Banks and the auto industry are getting them, and Americans could use one of their own, so it seems right that "bailout" is the 2008 Word of the Year at Merriam-Webster's online dictionary.
Bailout, which the site defines as a rescue from financial distress, was chosen because it received the highest number of lookups on the site.
Other top words looked up by users this year also are grim and relate to finances: "turmoil," "trepidation" and "precipice." Words from the presidential race also were in the top 10: "vet" was No. 2, as in vetting or evaluating a vice presidential pick; "maverick" was No. 4, "socialism" No. 3 and "rogue" No. 8.
The publisher usually picks its word of the year by considering the number of lookups and whether certain unusual terms submitted by online users have slipped into everyday discussion, according to an Associated Press story in The Boston Globe.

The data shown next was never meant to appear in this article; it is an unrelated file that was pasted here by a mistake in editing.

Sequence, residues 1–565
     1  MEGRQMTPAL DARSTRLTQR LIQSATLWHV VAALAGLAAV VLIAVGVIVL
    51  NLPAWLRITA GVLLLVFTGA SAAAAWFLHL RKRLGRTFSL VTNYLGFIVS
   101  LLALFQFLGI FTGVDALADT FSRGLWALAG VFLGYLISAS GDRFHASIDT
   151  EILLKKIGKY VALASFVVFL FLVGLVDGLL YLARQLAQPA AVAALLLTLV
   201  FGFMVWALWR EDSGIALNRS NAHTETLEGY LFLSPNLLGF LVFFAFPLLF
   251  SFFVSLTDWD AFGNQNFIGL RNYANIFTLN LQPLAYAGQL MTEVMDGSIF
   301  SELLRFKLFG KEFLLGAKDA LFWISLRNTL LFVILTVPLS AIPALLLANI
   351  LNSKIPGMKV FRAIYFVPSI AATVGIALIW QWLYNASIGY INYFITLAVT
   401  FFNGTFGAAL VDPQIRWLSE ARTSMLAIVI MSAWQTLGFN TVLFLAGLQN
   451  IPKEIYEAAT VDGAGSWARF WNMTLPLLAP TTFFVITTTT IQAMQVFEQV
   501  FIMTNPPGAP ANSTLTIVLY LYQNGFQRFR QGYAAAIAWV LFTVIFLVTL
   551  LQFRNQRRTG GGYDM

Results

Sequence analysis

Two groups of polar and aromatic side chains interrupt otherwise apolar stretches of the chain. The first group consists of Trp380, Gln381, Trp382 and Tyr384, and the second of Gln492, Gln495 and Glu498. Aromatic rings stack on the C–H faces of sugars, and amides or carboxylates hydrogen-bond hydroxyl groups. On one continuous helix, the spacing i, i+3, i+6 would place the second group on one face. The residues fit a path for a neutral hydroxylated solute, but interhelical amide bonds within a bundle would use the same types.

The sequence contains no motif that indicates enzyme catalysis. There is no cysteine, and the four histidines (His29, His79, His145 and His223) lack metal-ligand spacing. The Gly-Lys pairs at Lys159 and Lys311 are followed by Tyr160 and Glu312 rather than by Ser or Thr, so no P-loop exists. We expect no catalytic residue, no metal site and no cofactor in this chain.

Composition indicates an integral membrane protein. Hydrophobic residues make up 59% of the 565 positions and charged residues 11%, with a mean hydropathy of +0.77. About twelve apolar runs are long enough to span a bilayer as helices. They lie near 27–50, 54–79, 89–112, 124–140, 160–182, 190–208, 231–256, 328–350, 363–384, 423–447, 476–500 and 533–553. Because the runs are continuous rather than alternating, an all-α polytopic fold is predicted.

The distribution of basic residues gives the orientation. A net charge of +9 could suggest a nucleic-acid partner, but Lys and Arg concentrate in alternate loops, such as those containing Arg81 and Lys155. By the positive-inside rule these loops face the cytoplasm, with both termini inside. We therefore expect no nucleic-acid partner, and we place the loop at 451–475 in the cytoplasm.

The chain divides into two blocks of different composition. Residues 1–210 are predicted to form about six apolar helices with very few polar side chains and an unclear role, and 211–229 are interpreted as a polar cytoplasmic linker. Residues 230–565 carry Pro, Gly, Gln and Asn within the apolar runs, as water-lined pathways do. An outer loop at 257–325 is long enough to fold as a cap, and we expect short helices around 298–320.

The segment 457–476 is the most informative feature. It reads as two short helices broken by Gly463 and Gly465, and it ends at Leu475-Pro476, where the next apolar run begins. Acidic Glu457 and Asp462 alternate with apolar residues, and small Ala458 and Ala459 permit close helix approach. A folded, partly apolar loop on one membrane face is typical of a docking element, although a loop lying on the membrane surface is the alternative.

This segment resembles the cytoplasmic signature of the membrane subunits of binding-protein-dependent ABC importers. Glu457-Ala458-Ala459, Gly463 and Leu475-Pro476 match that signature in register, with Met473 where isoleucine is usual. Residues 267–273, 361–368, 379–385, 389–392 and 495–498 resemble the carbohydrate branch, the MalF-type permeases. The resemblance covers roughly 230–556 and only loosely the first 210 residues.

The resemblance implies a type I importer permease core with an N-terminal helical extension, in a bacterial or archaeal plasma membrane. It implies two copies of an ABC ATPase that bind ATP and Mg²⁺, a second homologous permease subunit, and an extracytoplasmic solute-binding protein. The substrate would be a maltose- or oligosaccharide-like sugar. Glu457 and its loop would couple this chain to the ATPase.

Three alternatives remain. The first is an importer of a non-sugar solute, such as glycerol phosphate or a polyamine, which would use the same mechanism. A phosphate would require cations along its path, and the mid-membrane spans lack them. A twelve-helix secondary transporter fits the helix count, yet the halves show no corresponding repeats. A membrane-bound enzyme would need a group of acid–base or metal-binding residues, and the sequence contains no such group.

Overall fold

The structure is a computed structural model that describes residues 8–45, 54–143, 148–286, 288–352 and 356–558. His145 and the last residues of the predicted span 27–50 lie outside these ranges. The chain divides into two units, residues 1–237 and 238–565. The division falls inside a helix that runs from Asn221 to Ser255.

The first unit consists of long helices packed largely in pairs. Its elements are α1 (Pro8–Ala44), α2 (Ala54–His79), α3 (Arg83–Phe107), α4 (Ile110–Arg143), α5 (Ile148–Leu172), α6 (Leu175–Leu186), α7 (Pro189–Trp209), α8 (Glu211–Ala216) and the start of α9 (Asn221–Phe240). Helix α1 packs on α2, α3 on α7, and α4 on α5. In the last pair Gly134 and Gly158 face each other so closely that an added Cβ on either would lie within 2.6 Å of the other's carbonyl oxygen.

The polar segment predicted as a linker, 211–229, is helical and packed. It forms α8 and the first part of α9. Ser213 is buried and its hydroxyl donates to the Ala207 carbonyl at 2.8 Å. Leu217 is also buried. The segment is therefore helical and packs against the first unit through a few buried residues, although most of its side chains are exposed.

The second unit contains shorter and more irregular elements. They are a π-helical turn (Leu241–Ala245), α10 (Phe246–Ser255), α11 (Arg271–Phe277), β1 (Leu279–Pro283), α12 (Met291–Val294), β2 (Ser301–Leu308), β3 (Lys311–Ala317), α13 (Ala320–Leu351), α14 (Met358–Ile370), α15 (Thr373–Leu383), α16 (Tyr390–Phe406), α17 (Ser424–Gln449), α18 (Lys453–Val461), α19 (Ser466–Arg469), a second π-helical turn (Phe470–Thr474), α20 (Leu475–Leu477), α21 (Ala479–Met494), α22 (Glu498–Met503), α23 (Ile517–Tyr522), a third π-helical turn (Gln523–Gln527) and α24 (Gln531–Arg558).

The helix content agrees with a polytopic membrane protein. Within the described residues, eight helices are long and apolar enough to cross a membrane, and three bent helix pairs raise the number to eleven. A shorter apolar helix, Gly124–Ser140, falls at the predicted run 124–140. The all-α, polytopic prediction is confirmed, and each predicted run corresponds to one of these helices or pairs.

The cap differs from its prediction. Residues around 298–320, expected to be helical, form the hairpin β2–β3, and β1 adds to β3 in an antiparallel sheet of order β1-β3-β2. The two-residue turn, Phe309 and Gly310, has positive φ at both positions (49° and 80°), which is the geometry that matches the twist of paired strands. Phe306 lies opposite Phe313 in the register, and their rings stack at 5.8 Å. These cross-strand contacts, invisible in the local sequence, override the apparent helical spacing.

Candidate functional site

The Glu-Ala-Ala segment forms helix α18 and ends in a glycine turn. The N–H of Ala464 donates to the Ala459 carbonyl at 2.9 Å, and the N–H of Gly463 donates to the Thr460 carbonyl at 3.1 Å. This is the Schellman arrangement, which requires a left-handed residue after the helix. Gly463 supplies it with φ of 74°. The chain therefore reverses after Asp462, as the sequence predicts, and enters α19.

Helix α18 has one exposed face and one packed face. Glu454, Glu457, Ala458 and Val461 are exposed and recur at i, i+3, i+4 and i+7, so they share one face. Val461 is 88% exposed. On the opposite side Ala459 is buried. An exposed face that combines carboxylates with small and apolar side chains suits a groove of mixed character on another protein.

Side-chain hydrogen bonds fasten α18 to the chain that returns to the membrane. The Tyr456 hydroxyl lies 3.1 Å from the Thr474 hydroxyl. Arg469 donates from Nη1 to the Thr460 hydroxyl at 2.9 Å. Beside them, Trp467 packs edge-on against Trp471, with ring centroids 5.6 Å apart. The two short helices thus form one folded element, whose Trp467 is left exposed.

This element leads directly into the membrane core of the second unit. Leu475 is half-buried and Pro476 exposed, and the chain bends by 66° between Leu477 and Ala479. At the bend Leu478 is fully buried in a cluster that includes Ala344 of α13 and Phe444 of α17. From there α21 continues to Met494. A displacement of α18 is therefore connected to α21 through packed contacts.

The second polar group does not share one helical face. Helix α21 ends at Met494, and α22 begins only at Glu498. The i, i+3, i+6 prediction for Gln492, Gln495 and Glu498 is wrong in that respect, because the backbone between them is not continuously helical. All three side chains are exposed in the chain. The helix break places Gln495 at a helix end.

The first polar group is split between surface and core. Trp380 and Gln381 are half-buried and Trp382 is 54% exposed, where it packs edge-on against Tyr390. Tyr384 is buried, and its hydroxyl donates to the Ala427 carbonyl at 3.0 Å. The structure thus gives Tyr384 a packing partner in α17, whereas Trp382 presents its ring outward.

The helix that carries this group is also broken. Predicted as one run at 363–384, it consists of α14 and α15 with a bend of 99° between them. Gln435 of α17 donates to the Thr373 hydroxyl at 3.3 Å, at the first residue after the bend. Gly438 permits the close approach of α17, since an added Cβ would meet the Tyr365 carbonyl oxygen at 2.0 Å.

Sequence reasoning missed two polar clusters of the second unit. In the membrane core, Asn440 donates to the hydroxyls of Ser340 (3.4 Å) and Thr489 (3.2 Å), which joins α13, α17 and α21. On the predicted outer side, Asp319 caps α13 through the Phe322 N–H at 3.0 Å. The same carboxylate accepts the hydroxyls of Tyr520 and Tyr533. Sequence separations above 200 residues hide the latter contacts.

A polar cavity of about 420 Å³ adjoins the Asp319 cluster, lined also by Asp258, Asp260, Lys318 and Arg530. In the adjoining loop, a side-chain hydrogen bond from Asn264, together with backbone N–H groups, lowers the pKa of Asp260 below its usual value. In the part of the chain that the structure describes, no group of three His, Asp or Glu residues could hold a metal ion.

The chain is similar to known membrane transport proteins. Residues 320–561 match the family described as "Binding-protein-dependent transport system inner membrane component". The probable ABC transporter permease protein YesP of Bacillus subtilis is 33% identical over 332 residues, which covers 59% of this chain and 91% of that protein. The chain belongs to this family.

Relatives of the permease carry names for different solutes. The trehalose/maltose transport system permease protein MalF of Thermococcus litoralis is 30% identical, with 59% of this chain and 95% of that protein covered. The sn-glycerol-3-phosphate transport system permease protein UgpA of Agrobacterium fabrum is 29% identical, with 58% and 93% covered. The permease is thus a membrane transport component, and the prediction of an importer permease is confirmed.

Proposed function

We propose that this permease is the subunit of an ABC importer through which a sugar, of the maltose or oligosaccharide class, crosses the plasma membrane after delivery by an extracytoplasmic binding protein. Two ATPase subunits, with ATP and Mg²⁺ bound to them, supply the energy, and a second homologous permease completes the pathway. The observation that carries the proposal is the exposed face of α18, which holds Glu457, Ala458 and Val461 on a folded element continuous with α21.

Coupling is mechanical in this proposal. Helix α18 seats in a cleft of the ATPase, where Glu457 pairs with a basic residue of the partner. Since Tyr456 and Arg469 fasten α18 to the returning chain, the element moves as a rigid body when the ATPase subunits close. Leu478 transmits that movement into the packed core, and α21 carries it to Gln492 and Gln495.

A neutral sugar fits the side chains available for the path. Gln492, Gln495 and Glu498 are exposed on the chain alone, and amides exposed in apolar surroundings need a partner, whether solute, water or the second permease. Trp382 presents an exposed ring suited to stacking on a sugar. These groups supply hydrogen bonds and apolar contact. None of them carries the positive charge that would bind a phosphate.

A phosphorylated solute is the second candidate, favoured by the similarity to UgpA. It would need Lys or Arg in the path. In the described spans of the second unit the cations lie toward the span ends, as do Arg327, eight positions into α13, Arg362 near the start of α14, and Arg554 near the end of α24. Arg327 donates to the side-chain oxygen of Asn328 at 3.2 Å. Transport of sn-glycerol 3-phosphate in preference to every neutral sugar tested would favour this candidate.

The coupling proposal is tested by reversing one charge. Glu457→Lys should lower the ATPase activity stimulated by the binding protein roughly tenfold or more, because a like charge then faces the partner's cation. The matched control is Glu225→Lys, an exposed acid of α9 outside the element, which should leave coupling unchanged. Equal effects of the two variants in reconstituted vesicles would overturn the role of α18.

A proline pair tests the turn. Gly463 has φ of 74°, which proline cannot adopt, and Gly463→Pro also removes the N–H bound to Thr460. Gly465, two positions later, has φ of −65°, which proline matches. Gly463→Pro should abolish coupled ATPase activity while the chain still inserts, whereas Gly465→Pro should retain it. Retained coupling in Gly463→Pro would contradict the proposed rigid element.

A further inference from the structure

That's how "W00t" -- spelled with two zeros -- used by online game players to express triumph or happiness, gained the top spot in 2007.
In 2006, the online dictionary users picked "truthiness" as No. 1 after it was coined by Comedy Central political satirist Stephen Colbert.
But this year Merriam-Webster switched its procedure to consider only the volume of lookups of particular words, noting that "bailout" and others were looked up so frequently that their importance couldn't be ignored.
Aaron Crowe is an unemployed journalist in the San Francisco Bay Area. Read about his job hunt at www.talesofanunemployeddad.blogspot.com